My colleagues mean well.  Most of them mean better than I did when I was charged with selecting England’s elite-to-come, years ago.   There is now more centralization and standardization of interviewing than when I did it.  There is better training;  almost everyone is alert to  the possibility of unconscious bias.  (Having completed their online training, none of my colleagues is conscious of any unconscious bias on their own part.)  There is better institutional outreach, and more evidence that the senior administration are serious about these issues.  There has been real, non-negligible, improvement.

Still: however you slice or dice it, year on year, in subject after subject, Oxford admits a class of undergraduates who not only fail to mirror–even roughly–the relevant population in their age cohort; they look like an entirely different species.  Apart from sex, Oxford (and Cambridge) have made too little progress in admitting disadvantaged groups. The facts are not in serious doubt.  We debate only responsibility and remedies.

Our responsibility–setting aside our inefficient and ineffective system of interviews– -is limited.  This is mostly not our fault.   But we do want to teach in a very special way.  In some subjects, we want to teach in a class size of two or three (no; you did not misread), and so we select students who, we think, will flourish in the unique way we intend to teach.  Of course we know there are other ways to teach undergraduates.  After all, Princeton, Yale, and Harvard all seem to turn out brilliant graduates (and even to replenish the US class system) without anything like our commitment of resources.   I’ve taught in both systems, and I know that, for the faculty, it is more fun and more illuminating to teach students in pairs than in scores.  But it has been a long time since Oxford (or Cambridge) has seriously examined the tutorial model,  though I think the Equality Act probably requires us to do so.  So some share of the blame is ours.

What is manifestly not our fault is the huge disproportion of good applicants who were privately educated–pupils whose parents could give them not only the social capital, but also the cold cash, to be educated in private schools that prepare pupils well for how Oxford has decided to teach.  This state of affairs is not unique.  In most capitalist societies, such advantages can be purchased either directly, by paying school fees, or indirectly, by buying a house in the catchment area of an excellent state school.  England is unique only in how pervasive, overt, and toxic the transaction is.  There is a nice philosophical question whether it is more opprobrious to  buy advantage on the open market or to buy it as a foreseen, welcome, but strictly unintended, consequence of one’s housing choices.  (And these are, for some people, real choices: my own parents gave up a lot of personal pleasures to buy a house in an area where I was likely to get the sort of education that would prepare me for the right sort of university.  Yet being on the (far) left, they would never have considered paying school fees.)

But the fact that something is not Oxford’s fault, in the sense that we are not morally or politically responsible for causing it in the first place, does not show that we are blameless when we have the power to change it yet decline to do so. I think that is our actual position.  We could quickly improve things with quotas:

I propose that Oxford (and Cambridge) should require the over-representation of privately educated undergraduates stay below 300%, which quota should be reassessed every 10 years.

You may be thinking that a 300% over-representation of any social group is already outrageous.  Maybe.  But depending on how one counts it, the current over-representation of private-school students at Oxford is around 600%.   So we could make a huge reduction in offers to the privileged and still leave them with triple what they would be entitled to under mirror-representation.   That would be a lot easier than expanding the size of the university, or spending more on ‘outreach’ to attract new applicants who we might still reject.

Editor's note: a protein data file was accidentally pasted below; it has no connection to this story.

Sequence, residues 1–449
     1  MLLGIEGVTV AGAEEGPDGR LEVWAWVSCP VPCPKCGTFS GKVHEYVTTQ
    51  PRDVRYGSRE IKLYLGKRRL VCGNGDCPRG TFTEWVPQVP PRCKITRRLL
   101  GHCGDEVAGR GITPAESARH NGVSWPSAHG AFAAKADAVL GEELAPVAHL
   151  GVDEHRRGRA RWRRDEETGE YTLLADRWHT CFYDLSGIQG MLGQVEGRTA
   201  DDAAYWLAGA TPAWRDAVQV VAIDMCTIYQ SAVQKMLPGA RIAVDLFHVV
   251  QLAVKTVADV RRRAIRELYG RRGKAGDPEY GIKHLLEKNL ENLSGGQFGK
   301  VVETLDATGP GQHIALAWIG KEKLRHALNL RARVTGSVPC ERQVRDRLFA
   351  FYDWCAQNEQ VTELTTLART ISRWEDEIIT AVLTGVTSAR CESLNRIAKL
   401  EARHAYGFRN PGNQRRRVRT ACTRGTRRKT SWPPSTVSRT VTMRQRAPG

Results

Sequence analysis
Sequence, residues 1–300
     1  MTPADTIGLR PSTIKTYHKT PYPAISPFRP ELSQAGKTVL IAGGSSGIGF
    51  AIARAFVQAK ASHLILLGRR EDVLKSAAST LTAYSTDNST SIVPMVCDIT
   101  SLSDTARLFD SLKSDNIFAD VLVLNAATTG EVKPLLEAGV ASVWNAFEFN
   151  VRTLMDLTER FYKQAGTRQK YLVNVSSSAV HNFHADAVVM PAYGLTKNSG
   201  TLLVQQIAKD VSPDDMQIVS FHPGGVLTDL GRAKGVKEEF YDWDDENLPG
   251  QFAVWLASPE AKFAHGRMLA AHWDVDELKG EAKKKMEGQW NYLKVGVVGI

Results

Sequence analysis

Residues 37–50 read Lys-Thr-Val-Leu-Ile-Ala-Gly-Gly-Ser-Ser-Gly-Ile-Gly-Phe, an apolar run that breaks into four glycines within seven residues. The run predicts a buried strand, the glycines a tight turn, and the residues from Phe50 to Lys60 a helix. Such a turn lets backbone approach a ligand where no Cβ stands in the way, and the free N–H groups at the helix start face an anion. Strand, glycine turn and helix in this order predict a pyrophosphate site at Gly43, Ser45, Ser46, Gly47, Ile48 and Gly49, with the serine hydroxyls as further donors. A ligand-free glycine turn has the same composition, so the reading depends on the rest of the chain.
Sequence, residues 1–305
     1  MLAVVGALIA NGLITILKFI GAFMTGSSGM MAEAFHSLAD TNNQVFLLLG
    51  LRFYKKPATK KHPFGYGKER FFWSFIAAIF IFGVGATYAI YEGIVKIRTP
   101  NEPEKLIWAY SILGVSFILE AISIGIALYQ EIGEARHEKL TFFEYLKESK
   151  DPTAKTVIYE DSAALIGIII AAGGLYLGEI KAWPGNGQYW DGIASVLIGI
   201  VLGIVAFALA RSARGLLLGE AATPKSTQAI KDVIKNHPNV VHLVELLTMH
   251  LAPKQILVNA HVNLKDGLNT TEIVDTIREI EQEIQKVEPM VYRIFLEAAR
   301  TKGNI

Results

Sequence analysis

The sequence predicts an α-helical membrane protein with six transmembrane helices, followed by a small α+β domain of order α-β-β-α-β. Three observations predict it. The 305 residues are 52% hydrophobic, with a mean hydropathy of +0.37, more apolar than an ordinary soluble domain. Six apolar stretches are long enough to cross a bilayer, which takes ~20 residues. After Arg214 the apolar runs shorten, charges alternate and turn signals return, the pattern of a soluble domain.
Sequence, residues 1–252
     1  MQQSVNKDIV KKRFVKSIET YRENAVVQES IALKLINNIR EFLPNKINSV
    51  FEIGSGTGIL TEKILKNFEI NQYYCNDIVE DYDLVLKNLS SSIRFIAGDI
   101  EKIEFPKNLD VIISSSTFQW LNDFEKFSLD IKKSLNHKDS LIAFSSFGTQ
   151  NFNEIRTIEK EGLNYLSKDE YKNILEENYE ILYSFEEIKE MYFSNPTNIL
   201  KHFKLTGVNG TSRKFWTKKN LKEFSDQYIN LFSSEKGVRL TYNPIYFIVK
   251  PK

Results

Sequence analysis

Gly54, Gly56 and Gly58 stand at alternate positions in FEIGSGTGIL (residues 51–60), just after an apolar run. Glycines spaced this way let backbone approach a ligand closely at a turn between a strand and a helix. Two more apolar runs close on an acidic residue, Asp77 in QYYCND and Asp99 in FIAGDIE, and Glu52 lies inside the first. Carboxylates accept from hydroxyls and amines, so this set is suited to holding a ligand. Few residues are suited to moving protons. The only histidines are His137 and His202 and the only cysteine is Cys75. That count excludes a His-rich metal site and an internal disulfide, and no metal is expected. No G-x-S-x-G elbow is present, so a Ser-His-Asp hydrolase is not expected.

Or you may be thinking that my proposal would be discriminatory.  In English law anyway, it would not.  ‘Wealth and status‘ are not ‘protected characteristics’ under  discrimination law.  There are many good reasons we should not set caps on the number of Jewish or Asian students we admit.  But these do not apply to those elevated by economic and social privilege alone, and there is no solid evidence to show that a cap on the (relatively) rich would be indirect discrimination against one of our protected groups.  In practice, all this means is that some children of the privileged will not make the cut at Oxford or Cambridge, but will instead get accepted at one of England’s other, still excellent, universities.

But maybe you are thinking that this would violate a moral norm: ‘each person should be treated as an individual, on her own merits, and not just as a member of some group or other!’  (Myself, I’d dread being treated on someone’s view of my ‘merits’.)   But if that norm is sound, it would already require a huge change in our admissions standards.  We do not now treat the hundreds of applicants ‘each on her own merits’.  Each is treated as a member of a group:  the group who got three A’s at A-level, or the group who scored high on the LNAT,  or the  group that impressed the interviewer, or the group that came from a school we know and respect.   The fantasy that our existing system is attuned to individual merits is laughable.  (And adding ‘contextual’ data–‘he grew up in a rough neighborhood’–is just another form of group-based prediction.)

So here’s an idea.  Let’s experiment.  Let’s set a 300%–or, if you like, 400%–cap on the over-representation of the over-privileged at Oxford.  Without expanding enrollment, that will make lots of space for other good students.  Then let’s see how that works out for us, and for the legal profession in England.  This would, I admit, be a big change.  So I suppose we will have to confront the Ultimate Objection:

‘How many Oxford dons does it take to change a light-bulb?’

‘What do you mean, “CHANGE”???’